The agent/publisher query is the most important business communication a writer will make. It has to be succinct while creating a desire for more. It must not be cute or rely on a gimmick. It must be confident, but not over-confident. It must display the plot while evincing there is a business case for the book. It must be free of errors. It must be honest and authentically you.
It must be many things and do it all in as few words as possible.
And, there is no formula or recipe for success. Anyone who tells you that if you buy their e-book it will elucidate the true secret of publishing success is a lying bullshit artist. You could write a great query and still get rejected by ninety-nine percent of the agents and publishers you reach out to, but all you need is the one percent, the one yes, to get the ball rolling.
You may also write a great query and fail one-hundred percent.
But there are things you can do to increase the odds you will get noticed (in a good way) and asked to submit a proposal and samples or the entire manuscript. They are:
- Unless the agency has a single query@... email address, use the agent's name in a businesslike way. Mr. Smith... Ms. Smith... (Ms. is neutral as to marital status and something the world should aspire to as a default).
- If they have the generic query@... address, then simply say Hello,... and in the next line, My name is ... and I am writing to see if you might be interested in reviewing my ... word, creative nonfiction/fiction/romance/etc. manuscript.
- Include a bit of detail that shows you did some research into the agent's likes and dislikes. This doesn't have to be long, but demonstrates there is a reason you chose to send them your very important business communication.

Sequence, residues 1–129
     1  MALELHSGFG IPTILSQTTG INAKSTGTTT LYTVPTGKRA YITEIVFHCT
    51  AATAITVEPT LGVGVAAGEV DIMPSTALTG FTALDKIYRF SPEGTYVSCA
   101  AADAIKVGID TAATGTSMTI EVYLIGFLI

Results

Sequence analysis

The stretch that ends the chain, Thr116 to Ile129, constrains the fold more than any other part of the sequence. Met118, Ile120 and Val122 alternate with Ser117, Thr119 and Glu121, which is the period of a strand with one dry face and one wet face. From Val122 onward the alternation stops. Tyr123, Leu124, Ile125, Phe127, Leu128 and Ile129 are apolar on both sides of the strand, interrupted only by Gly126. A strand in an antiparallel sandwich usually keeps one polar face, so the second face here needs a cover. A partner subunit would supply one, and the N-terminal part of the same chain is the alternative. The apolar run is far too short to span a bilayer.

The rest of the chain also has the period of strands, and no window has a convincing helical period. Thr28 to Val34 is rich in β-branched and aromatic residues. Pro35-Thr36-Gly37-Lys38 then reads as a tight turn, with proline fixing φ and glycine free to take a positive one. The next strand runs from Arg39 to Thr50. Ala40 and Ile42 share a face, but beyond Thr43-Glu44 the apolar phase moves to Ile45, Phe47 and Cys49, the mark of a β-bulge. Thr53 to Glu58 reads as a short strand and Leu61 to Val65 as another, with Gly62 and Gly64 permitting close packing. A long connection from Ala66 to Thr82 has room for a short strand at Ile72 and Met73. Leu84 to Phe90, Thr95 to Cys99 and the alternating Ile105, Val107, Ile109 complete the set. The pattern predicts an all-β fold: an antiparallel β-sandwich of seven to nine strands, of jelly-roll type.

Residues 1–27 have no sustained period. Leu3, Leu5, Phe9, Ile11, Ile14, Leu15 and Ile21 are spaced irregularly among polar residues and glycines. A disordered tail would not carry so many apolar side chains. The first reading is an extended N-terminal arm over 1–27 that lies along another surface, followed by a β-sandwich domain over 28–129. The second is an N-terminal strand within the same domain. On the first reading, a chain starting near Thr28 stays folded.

- Get right into the summary, which should be compelling and very brief. Two paragraphs at best, one if you can pull it off.
- Since most good writing is character driven, include a couple well-known characters your protagonist resembles, but be careful not to oversell.
- Give an example of that character's voice with a few great lines from the manuscript.
- If it's a true story let them know how close it is to actual events by briefly describing your research. They will learn this more fully in the proposal, so be brief.
- Do you have a platform or unique sales angle? If so include that you write a popular blog or have a way to speak directly to the market for your book. Be brief, just enough to titillate.
- Tell them if it is complete and edited as well as who edited it (hopefully a pro).
- Tell them if you have a proposal that lays out a fuller business case for the book.
- If their guidelines request samples or anything else tell them it is attached (if they accept attachments) or pasted below your signature (most prefer pasted into the body of the email).
- Thank them for taking the time to read your query and close with sincerely, or best, and your name and contact info.
In all, this should be a page or less, preferably less.